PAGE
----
Through this joint effort, our community can prepare students with the workforce skills needed in the future that cannot be automated; develop business-relevant class content; roll out real-life technical projects in classrooms; re-train workers; and offer apprenticeships, internships, and work-based learning alongside education or as standalone, all of which can help workers gain skills.
Learn more by reading the Boulder Economic Council and Boulder Chamber’s recently published “Boulder Innovation Venture Report” at: https://bouldereconomiccouncil.org/whats_new_with_the_bec/boulder-innovation-venture-report/
Good times in Boulder County and in Colorado will continue said local economic experts at the recent Boulder Economic Forecast. But they caution that 2018 may not reach the heights of 2017, and the difficulties could impact us well beyond next year.
Organized by the Boulder Chamber and the Boulder Economic Council, the 11th annual Boulder Economic Forecast was held on January 17 at the new Embassy Suites Hotel, and RE/MAX of Boulder was among the event’s sponsors.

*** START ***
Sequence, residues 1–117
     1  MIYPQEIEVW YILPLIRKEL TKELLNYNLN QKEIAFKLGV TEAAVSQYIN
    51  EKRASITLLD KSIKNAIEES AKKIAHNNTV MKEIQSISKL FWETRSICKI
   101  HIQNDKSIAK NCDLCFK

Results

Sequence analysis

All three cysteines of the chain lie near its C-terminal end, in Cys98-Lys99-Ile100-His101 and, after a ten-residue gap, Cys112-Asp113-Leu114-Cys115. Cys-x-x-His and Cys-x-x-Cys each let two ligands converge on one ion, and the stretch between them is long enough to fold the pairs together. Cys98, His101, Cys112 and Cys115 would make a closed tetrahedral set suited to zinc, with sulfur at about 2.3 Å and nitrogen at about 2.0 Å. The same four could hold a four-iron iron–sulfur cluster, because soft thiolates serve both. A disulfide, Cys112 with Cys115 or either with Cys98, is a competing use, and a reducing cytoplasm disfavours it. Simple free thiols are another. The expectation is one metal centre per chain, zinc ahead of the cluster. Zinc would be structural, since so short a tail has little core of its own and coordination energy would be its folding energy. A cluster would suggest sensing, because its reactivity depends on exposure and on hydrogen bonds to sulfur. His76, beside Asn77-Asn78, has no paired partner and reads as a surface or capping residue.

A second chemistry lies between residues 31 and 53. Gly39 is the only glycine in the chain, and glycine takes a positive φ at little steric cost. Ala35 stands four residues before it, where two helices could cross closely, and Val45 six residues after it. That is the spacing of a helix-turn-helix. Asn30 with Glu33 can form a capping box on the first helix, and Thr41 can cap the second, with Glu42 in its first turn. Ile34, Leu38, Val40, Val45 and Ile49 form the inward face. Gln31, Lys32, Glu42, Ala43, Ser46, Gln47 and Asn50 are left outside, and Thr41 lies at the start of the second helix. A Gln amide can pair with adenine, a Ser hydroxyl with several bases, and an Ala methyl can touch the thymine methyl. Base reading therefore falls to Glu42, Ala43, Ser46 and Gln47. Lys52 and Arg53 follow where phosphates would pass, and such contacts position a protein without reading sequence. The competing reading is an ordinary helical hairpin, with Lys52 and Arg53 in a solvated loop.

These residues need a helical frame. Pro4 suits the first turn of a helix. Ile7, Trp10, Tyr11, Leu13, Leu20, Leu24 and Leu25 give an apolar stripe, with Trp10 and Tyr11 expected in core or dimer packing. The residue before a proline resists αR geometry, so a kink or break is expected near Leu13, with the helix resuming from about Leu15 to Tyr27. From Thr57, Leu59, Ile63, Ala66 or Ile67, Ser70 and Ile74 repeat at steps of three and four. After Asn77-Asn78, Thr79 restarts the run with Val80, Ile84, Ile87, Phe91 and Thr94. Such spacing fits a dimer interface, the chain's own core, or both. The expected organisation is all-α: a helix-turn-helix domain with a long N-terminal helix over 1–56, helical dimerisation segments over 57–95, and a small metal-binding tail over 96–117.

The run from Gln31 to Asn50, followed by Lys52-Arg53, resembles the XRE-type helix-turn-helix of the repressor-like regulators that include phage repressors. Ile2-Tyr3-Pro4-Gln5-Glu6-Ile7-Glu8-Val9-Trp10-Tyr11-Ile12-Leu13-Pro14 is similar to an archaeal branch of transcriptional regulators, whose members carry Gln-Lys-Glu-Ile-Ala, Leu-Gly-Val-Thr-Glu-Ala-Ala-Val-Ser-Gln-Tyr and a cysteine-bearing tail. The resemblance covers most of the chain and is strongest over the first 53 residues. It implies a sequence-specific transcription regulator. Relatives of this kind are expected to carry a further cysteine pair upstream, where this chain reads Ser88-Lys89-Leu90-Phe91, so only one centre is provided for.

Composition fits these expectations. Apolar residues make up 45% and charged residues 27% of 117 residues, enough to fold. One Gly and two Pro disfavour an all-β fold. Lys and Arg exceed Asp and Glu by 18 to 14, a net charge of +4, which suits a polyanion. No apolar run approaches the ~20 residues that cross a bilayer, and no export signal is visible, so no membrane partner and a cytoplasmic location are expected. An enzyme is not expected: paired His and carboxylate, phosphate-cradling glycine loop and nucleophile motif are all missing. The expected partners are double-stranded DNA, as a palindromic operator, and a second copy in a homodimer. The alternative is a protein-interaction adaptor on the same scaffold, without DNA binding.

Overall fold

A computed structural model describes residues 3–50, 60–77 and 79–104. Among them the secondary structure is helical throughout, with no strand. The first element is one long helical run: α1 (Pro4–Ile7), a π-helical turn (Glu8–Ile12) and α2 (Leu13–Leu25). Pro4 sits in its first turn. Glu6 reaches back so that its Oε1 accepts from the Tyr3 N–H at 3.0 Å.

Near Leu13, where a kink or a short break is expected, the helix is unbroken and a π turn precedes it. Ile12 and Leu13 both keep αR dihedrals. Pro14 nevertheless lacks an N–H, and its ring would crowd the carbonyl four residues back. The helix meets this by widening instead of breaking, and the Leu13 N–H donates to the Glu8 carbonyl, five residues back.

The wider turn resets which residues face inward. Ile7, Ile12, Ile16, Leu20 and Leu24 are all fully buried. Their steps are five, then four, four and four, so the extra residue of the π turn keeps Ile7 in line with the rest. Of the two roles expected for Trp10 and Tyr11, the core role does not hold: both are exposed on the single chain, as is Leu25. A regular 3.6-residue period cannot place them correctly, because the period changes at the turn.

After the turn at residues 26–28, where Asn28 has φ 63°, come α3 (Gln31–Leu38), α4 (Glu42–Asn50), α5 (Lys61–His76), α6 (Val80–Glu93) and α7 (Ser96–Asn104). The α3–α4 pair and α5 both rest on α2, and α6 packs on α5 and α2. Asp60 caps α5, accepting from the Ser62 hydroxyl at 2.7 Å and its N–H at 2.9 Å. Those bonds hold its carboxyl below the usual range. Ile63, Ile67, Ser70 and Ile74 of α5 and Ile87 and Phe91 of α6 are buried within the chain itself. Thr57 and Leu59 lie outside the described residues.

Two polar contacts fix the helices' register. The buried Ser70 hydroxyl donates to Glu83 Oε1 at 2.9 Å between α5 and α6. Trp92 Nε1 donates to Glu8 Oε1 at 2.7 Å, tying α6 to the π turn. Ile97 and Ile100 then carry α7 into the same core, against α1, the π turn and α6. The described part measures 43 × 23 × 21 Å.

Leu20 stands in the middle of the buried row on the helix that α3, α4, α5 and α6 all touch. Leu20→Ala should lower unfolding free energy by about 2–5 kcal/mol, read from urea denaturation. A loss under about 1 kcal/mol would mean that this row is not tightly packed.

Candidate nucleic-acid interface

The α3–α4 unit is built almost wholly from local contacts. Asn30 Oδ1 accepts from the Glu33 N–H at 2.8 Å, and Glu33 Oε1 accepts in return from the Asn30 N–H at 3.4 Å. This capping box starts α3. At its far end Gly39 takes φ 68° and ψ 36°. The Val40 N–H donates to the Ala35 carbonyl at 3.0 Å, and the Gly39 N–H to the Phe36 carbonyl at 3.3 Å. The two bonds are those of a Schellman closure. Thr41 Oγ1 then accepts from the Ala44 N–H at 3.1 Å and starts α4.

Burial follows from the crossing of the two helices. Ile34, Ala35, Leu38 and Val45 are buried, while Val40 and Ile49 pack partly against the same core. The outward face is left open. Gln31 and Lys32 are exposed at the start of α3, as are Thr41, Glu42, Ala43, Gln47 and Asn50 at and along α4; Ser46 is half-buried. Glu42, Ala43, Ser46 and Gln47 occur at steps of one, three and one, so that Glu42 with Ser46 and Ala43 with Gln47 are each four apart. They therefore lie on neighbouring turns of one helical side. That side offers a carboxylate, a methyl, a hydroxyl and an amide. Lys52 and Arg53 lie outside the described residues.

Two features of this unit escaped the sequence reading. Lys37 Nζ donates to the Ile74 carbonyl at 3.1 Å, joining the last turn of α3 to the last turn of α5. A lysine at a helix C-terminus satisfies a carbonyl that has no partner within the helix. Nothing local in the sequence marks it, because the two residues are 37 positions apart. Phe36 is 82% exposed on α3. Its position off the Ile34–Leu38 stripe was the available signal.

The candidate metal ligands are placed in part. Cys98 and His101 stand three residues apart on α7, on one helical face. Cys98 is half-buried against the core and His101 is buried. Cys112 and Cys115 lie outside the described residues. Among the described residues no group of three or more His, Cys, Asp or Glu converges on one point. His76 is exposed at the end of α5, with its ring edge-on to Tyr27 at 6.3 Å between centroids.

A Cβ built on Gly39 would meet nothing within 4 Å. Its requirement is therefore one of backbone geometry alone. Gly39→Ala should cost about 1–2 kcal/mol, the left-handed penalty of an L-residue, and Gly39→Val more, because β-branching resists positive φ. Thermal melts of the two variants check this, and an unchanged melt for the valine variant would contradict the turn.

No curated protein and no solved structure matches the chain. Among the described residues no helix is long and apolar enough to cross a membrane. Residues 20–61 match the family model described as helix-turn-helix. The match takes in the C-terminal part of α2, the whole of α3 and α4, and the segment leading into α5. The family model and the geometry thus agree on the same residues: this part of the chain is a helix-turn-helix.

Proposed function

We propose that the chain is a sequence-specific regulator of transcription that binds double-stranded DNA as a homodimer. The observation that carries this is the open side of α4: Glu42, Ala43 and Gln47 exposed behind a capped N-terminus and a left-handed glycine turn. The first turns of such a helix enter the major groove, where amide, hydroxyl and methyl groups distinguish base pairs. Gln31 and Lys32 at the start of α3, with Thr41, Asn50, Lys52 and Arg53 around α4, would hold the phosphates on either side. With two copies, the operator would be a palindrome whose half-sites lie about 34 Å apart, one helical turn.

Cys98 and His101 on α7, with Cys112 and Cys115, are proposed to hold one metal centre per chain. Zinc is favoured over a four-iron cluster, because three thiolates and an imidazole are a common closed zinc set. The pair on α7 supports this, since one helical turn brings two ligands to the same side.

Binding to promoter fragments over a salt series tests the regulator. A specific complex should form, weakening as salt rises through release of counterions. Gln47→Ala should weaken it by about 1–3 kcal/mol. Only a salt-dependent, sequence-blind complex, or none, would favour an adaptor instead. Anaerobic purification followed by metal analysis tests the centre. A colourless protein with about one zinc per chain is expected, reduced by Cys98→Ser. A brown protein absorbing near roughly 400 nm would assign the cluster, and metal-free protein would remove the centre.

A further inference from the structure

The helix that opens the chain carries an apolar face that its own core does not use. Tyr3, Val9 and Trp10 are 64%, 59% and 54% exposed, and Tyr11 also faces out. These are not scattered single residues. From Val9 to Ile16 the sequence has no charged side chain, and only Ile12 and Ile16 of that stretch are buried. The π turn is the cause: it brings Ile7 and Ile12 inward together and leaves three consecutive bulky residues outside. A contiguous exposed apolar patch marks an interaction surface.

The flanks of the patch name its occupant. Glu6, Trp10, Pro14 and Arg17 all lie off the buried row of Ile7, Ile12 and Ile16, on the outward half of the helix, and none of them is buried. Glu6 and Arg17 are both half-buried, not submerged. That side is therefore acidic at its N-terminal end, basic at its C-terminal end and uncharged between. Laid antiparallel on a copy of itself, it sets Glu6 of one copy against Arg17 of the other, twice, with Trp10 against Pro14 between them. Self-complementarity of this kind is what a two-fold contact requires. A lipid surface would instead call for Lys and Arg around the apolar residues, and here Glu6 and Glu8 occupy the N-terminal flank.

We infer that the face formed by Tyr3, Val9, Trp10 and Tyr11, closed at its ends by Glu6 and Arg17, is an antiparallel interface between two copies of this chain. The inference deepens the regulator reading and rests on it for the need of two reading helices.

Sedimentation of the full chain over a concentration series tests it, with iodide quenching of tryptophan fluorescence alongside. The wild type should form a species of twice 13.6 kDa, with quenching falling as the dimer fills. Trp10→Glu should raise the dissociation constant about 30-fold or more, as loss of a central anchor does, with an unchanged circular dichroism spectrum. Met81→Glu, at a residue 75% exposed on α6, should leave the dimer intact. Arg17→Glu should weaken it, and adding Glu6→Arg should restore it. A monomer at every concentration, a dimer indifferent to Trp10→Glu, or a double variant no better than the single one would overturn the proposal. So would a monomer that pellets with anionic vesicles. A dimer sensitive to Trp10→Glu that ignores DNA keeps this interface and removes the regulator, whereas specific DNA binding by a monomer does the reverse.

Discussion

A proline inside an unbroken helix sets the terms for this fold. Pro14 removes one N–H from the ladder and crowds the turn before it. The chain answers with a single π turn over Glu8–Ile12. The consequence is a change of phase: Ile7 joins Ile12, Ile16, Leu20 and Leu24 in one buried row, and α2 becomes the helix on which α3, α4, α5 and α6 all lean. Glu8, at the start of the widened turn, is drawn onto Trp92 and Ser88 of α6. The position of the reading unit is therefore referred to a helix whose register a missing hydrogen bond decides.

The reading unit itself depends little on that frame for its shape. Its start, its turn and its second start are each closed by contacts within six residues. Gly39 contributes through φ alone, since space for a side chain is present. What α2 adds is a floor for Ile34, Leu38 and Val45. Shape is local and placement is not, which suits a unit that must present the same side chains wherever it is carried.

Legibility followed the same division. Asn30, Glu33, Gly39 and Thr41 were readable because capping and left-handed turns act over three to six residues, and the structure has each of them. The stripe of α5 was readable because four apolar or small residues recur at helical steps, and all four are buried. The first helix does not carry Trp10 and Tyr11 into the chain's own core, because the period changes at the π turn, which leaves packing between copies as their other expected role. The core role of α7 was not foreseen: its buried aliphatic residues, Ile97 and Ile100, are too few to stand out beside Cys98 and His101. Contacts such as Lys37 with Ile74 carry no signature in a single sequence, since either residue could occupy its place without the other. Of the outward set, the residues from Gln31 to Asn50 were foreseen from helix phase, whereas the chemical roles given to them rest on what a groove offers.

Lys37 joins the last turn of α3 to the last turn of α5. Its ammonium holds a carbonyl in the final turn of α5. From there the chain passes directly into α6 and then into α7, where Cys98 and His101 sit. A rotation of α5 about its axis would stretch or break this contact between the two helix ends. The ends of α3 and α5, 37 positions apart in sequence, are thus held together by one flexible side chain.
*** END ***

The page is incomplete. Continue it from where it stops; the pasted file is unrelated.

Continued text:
“By almost every economic indicator we measure, 2017 was an historic year,” says Executive Director of the Boulder Economic Council Clif Harald in his opening remarks.
Statistics show a superlative year. Colorado ranked third in the country for the pace of GDP growth, while unemployment dropped to 2.5 percent, the second-lowest rate nationally. The state’s labor force soared with the fastest growth rate in the U.S., according to speaker Rich Wobbekind, Executive Director, Business Research Division, Leeds School of Business, CU-Boulder.
But, Harald noted that 2017 presented challenges, too. And, these challenges could escalate in the coming years.
He pointed to constraints for Boulder’s economy, including a shortage of labor and resources and high housing costs that cause long commutes for many Boulder County workers.
In his keynote address, Wobbekind called the labor shortage the area’s “biggest short-term challenge.”
While job growth in Boulder County continued in 2017, the pace slowed from the peak of 2014-15.
“Almost every industry sector reported lack of available labor or properly trained labor. This doesn’t go away,” Wobbekind says.
And chief among the factors impacting Boulder County: age.
Colorado State Demographer Elizabeth Garner says residents 65-and-older will represent 20 percent of residents by 2030. The 65+ group will be 77 percent larger than it was in 2015.
“We are aging fast,” says Garner, noting that the age wave will overtake the entire state.
Garner explains that demographics – and the age wave beginning to sweep the state – are an economic issue. As people retire, aging results in a labor shortage. When people choose to age in place, housing stock for people moving in or moving up is negatively impacted. Aging also impacts healthcare and public financing issues.